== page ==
IPL's multiplier effect

Contrary to expectations, the 12th edition of the Indian Premier League (IPL), which began on Saturday, did not clash with the election calendar and is being played entirely in India. The global power of this tournament, however, is well established. Not only does every season end with record viewership but India's matches at the upcoming World Cup have been postponed by three days to allow for a recommended 15-day gap between the tournament and the national team’s international fixtures. The IPL is the prince among T20 tournaments, attracting top global talent, and it has spawned imitations even in non-cricketing countries such as Brazil, Canada and the United States. Powered by moneyed industrial groups, its multiplier effect has been notable on the Indian cricketing scene too, offering a wider platform for aspiring Indian cricketers to ply their trade.

But the tournament has far more potential than that. As of now, the IPL offers an alternative path — from the well-worn local club-Ranji Trophy hierarchy — to the Indian national team. But the results are not always optimal since the 20-over format demands a very different set of skills and abilities from the One Day International and five-day Tests. For instance, the left-arm quick bowler Rajasthan Royals’ Jaydev Unadkat, who fetched a record $84 million at the last round of the IPL auctions, has been an indifferent performer for the national team. Now, it may be time for the Board of Control for Cricket in India (BCCI), which owns the franchise and is responsible for the development of cricket in India, to explore the option of expanding the scope of the IPL in a more meaningful way. Since the IPL has drawn its inspiration from the English Premier League (EPL), the world’s most watched football tournament, it would do well to emulate the footballing structure on which it rests.

As such, the IPL is a limited standalone tournament involving eight teams with revolving squads (player auctions are held each year) that compete with each other each year. The structure of the revenue distribution is also somewhat non-incentivised. In the EPL, half the money earned from the UK broadcasting rights is divided equally among the 20 competing teams and the rest on a diminishing scale, depending on the teams' end-season ranking. International broadcasting fees are shared equally but from the 2019-20 season, the incremental revenue will be dependent on team ranking with a 1.8:1 ratio between the top- and bottom-earning club. This revenue-sharing model, which is considered the most equitable among the continental football leagues, has been a critical reason for the uber-competitiveness and watchability of the EPL, where a minnow like Crystal Palace can defeat expensive, star-studded Manchester City 3-2.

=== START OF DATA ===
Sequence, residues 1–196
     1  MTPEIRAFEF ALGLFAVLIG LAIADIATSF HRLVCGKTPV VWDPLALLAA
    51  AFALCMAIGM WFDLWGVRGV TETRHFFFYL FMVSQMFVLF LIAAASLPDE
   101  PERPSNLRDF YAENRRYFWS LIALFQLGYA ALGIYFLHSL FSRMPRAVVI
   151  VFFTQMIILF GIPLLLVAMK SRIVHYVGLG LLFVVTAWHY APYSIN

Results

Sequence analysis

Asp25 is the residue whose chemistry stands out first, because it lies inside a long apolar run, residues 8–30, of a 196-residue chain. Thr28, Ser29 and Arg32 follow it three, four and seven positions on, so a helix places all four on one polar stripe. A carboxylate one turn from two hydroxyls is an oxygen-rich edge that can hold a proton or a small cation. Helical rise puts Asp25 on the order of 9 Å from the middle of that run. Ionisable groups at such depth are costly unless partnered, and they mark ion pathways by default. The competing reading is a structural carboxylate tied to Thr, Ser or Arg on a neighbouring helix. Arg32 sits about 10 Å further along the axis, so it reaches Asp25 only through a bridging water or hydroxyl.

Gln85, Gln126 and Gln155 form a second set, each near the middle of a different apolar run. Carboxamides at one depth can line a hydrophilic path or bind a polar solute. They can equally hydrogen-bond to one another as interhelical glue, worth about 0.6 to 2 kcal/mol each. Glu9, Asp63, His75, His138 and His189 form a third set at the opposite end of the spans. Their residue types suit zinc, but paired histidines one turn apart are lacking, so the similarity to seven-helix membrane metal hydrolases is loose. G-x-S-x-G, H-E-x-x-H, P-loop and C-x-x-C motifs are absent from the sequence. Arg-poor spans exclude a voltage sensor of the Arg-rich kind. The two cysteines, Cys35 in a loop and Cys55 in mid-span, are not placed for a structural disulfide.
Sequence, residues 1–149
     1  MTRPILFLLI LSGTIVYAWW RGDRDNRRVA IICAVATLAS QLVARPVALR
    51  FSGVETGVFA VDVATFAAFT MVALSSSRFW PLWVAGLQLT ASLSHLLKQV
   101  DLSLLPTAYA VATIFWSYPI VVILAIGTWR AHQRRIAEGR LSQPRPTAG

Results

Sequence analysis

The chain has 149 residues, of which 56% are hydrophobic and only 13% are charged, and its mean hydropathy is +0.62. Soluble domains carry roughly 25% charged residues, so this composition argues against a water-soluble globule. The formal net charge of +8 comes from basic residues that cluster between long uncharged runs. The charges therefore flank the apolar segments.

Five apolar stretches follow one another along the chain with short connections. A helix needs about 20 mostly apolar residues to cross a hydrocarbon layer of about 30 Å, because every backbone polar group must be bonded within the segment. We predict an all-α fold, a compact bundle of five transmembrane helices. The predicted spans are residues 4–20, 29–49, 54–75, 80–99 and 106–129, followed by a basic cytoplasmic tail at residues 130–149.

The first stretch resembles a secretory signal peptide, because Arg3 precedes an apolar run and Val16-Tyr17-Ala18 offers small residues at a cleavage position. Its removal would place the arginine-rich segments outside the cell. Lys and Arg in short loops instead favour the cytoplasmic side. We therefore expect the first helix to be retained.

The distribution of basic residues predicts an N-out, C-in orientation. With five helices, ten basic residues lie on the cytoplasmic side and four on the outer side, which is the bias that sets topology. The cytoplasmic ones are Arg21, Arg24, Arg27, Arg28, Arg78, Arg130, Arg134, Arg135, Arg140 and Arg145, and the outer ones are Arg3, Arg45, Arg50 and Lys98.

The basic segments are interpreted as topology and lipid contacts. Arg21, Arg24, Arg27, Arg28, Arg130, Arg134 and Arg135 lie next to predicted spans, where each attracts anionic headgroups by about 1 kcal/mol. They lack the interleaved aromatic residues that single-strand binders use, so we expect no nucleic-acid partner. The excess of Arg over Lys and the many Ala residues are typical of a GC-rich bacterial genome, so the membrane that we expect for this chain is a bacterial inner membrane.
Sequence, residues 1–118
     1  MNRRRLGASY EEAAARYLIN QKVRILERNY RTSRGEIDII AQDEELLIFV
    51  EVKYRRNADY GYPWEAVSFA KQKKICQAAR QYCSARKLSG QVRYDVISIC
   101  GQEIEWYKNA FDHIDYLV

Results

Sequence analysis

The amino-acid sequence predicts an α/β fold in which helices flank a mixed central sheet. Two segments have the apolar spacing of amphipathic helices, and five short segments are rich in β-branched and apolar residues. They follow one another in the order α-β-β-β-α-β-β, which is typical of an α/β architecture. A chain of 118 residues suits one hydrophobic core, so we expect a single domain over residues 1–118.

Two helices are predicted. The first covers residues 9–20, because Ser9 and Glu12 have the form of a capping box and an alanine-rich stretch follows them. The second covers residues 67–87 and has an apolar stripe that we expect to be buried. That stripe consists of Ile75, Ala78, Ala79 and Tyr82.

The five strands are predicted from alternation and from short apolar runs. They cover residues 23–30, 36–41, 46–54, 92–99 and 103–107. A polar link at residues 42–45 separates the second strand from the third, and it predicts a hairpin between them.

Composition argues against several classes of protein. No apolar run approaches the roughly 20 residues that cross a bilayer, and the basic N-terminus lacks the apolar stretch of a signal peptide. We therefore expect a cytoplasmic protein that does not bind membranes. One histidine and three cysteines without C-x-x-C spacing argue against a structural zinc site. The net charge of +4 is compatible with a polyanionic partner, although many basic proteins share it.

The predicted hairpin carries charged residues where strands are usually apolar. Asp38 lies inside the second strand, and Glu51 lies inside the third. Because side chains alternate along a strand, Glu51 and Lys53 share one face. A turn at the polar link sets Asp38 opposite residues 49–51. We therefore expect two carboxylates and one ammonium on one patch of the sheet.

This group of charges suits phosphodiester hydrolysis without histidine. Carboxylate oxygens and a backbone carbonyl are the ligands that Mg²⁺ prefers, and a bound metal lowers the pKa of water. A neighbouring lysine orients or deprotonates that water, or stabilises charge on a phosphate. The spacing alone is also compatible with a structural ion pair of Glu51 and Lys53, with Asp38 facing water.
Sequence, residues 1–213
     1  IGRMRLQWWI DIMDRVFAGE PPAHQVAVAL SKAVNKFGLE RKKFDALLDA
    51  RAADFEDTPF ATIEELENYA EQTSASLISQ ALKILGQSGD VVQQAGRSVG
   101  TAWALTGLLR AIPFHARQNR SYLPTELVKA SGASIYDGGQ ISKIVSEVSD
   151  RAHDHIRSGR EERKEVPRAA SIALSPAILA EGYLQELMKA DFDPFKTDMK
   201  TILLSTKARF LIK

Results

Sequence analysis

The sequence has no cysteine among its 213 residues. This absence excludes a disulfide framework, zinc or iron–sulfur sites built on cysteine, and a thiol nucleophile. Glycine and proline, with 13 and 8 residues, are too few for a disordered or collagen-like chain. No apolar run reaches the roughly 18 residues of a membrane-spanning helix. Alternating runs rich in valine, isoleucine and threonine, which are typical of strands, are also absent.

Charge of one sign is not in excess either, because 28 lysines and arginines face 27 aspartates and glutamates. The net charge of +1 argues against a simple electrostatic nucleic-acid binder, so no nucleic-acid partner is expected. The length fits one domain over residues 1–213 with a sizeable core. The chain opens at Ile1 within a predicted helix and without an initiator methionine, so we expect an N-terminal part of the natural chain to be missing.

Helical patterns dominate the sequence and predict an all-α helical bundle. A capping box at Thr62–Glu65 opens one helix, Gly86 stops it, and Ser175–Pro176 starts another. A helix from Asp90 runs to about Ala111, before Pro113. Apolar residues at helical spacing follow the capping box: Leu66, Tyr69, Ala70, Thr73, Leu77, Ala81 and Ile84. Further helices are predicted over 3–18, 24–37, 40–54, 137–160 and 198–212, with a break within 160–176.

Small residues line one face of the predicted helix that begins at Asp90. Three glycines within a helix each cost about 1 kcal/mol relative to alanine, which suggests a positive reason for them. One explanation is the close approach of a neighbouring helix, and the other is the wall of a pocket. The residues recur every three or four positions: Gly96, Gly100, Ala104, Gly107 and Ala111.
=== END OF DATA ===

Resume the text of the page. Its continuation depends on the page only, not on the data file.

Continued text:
On the other hand, the IPL teams, which get 60 per cent of the broadcasting and sponsorship revenue (with the BCCI taking the rest), share the money equally regardless of their end-season placement. This apart, the EPL operates within the larger footballing eco-system, with the bottom three teams dropping into the first division and the top three teams in the first division being promoted into the premier league. This promotion and relegation cycle operates down to the second division, offering team owners, players and supporters a genuine aspirational sporting paradigm, making football a dynamic industry in England, with all its multiplier effects on the local economy. It is well within the scope for the cash-rich BCCI to create a specialist T20 tournament hierarchy with more teams that compete in one season to decide the tiers for future divisions within the promotion-and-relegation dynamic. 

The purists may well deplore this focus on “instant cricket” but judging by the way this format is spreading around the world, there is no reason for India not to be the proud owner of a truly dynamic cricketing business.


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